Many companies are migrating existing or building new systems on the Microsoft Azure Cloud Platform. There’s a lot of buzz lately around the Cloud overall, but it can be a little unclear at first glance what the benefits are. Microsoft Azure includes many different Infrastructure and Platform features that simply mirror those on-premises, as well as features that extend far beyond. Let’s explore some of the primary features of Microsoft Azure, along with reasons why they may be the right choice to use, so we can answer some of the common questions. While Microsoft Azure may be an obvious technical choice, it’s extremely important to answer these questions when conveying the benefits of Microsoft Azure to business decision makers.


An extremely large concern surrounding the adoption of Microsoft Azure is security. It’s very easy to explain the overall security of an on-premises data center since all concerned parties can physically see it. However, Microsoft Azure is provided as a set of services offered over the Internet. This can give certain people a feeling of unease towards using it. After all, there are news articles every week about some company or service getting hacked over the Internet. How can Microsoft Azure be trusted? How secure is it?

It makes logical sense that since Azure is a key component to the future long term success of Microsoft that Microsoft will keep it secure. After all, it’s definitely in their best interest, as well as that of their shareholders. However, as logical as this argument sounds, it provides little proof to assure that Microsoft Azure is truly a secure platform.

In addition to software and network level security measures, the Microsoft Azure data centers implement standard security measures, such as biometrics, perimeter fences, security guards, security cameras, and more. In fact access to the physical data center is restricted to only authorized personal that need to make an appointment ahead of time and justify the reason for their access. Everything is strictly monitored. Additionally, Microsoft publishes a list of all the industry standard compliance standards the Microsoft Azure data center hold to provide assurance and proof of the overall security of the Microsoft Azure Cloud Platform.

Here’s a short list of only some of the compliance standards Microsoft Azure meets:

  • ISO 27001 and ISO 27018
  • Cloud Security Mark (CS Mark)
  • FedRAMP
  • SOC 1, SOC 2 and SOC 3
  • DISA Level 2
  • FISC
  • FDA 21 CFR Part 11
  • CJIS

There are many other compliance standards met by Microsoft Azure, some include country specific standards as well.

On-Demand Servers

In a traditional data centers the company needs to purchase server hardware upfront that they may later use. In order to scale up, the servers need to be purchased ahead of time. This can result in wasted money and operating costs to keep overall server capacity at a point where systems can easily scale to meet increases in load, or the rollout of new systems.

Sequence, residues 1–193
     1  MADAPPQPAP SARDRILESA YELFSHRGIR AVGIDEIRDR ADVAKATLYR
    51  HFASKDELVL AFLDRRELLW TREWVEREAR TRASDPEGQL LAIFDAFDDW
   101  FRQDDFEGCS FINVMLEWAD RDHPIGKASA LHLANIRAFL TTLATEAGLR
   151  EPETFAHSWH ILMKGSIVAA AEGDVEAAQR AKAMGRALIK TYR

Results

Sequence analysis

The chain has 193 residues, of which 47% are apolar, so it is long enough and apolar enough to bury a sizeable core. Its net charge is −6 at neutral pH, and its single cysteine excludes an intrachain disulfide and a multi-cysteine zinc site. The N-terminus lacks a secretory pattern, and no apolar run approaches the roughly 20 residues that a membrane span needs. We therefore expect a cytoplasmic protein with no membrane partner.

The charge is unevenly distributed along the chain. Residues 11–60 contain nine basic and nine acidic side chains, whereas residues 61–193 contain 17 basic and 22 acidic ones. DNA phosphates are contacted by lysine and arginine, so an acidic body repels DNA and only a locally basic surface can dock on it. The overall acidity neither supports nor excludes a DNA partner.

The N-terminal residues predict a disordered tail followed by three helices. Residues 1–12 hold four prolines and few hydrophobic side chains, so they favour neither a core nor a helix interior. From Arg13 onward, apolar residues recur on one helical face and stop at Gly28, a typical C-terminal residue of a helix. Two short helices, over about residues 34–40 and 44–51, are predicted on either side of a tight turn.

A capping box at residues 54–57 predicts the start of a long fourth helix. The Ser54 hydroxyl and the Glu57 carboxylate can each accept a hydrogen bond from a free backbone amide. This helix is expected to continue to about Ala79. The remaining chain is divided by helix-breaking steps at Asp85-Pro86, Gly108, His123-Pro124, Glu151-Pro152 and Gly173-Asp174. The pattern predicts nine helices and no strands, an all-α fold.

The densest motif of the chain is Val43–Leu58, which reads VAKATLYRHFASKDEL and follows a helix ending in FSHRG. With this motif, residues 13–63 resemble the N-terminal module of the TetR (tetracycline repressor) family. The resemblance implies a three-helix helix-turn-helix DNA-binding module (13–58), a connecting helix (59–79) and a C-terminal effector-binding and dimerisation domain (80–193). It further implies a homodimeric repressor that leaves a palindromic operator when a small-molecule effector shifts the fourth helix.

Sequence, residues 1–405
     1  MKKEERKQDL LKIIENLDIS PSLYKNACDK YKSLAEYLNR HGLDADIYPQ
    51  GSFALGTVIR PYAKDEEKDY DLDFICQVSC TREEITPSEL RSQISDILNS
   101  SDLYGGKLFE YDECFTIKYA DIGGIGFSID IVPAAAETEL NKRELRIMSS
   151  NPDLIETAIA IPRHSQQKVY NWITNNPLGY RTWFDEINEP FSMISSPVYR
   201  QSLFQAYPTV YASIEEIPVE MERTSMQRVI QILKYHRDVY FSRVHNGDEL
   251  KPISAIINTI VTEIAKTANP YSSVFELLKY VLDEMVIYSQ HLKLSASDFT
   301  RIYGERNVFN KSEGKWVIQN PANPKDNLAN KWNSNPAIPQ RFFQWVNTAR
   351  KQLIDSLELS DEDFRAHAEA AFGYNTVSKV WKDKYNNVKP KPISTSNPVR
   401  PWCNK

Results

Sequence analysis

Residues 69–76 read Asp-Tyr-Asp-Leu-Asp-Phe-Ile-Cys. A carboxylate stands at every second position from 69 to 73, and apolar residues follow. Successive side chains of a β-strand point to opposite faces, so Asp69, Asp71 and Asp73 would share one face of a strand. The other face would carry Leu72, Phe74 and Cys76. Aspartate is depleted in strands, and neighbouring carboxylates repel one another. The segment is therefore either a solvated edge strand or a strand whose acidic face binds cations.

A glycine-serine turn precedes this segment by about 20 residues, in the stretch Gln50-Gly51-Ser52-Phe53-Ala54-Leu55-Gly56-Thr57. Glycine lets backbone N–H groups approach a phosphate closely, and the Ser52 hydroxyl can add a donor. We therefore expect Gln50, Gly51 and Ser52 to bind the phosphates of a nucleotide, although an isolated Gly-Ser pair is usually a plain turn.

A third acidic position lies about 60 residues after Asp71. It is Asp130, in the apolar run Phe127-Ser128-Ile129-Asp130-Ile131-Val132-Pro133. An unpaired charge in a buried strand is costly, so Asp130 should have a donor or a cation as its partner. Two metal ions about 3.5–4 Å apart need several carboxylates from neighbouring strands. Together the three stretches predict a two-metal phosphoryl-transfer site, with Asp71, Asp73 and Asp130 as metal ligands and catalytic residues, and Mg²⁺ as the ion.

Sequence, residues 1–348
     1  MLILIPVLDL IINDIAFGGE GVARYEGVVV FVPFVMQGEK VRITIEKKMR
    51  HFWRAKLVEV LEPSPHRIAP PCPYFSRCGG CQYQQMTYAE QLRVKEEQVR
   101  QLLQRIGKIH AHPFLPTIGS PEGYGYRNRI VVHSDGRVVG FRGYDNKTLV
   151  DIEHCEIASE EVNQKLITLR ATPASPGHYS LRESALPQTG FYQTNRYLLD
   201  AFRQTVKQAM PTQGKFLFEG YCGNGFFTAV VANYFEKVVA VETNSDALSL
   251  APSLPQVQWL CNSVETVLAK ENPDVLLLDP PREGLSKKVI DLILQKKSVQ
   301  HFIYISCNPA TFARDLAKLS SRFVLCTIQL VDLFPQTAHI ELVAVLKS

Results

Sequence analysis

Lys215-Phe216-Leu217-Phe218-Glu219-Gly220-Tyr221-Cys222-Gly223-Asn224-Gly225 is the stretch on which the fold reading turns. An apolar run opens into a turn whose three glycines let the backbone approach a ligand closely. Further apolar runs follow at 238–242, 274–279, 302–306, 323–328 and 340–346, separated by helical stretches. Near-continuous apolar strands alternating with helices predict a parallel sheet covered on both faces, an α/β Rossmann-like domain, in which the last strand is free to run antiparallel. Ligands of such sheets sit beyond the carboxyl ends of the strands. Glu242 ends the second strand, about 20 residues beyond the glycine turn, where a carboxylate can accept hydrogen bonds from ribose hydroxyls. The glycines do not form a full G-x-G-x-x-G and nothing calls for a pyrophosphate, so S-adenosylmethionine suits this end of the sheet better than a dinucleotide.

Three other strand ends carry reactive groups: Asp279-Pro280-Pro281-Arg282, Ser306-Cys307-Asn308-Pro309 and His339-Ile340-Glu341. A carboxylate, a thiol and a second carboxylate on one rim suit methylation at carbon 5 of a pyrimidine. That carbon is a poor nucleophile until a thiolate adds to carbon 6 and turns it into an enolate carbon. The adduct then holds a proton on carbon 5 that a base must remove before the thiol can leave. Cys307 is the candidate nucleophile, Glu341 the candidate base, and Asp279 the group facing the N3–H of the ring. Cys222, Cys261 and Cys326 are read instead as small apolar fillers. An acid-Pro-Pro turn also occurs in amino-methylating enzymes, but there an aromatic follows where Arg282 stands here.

With using a Cloud service like Microsoft Azure, all servers are provisioned On-Demand. Companies only pay for the services they are using. This provides the ability to both scale up and down with agility to meet the exact needs of the organization. This eliminates any wasted cost on servers and other infrastructure not being used.

Being able to dynamically provision service resources on-demand provides a tremendous cost savings over traditional on-premises data centers. It also provides a level of agility that is unprecedented in the on-premises world. When a new server is needed, just click a button to provision it in minutes, rather than the weeks or even months it can take to purchase, install and configure servers and infrastructure within an on-premises data center. Also, when servers are no longer needed, just de-provision them and stop paying for them immediately. Microsoft Azure eliminates the waste of idle servers taking up space and costing money.

Hybrid Cloud

Integrating Microsoft Azure is not an all or nothing endeavor. An existing on-premises data center can continue to be used along side Microsoft Azure cloud resources. The resources in the cloud can even be integrated with on-premises resources by connecting the two using a VPN or ExpressRoute. ExpressRoute is a method of directly connecting an on-premises data center to a Microsoft Azure data center, similar to VPN, but with a direct connection that does not go over the Internet.

By integrating on-premises and Azure resources, a Hybrid environment can be built that utilizes all on-premises resources. This allows companies to roll out their transition to Microsoft Azure on a completely custom schedule without any hard cut offs, deadlines, or restrictions imposed by Microsoft.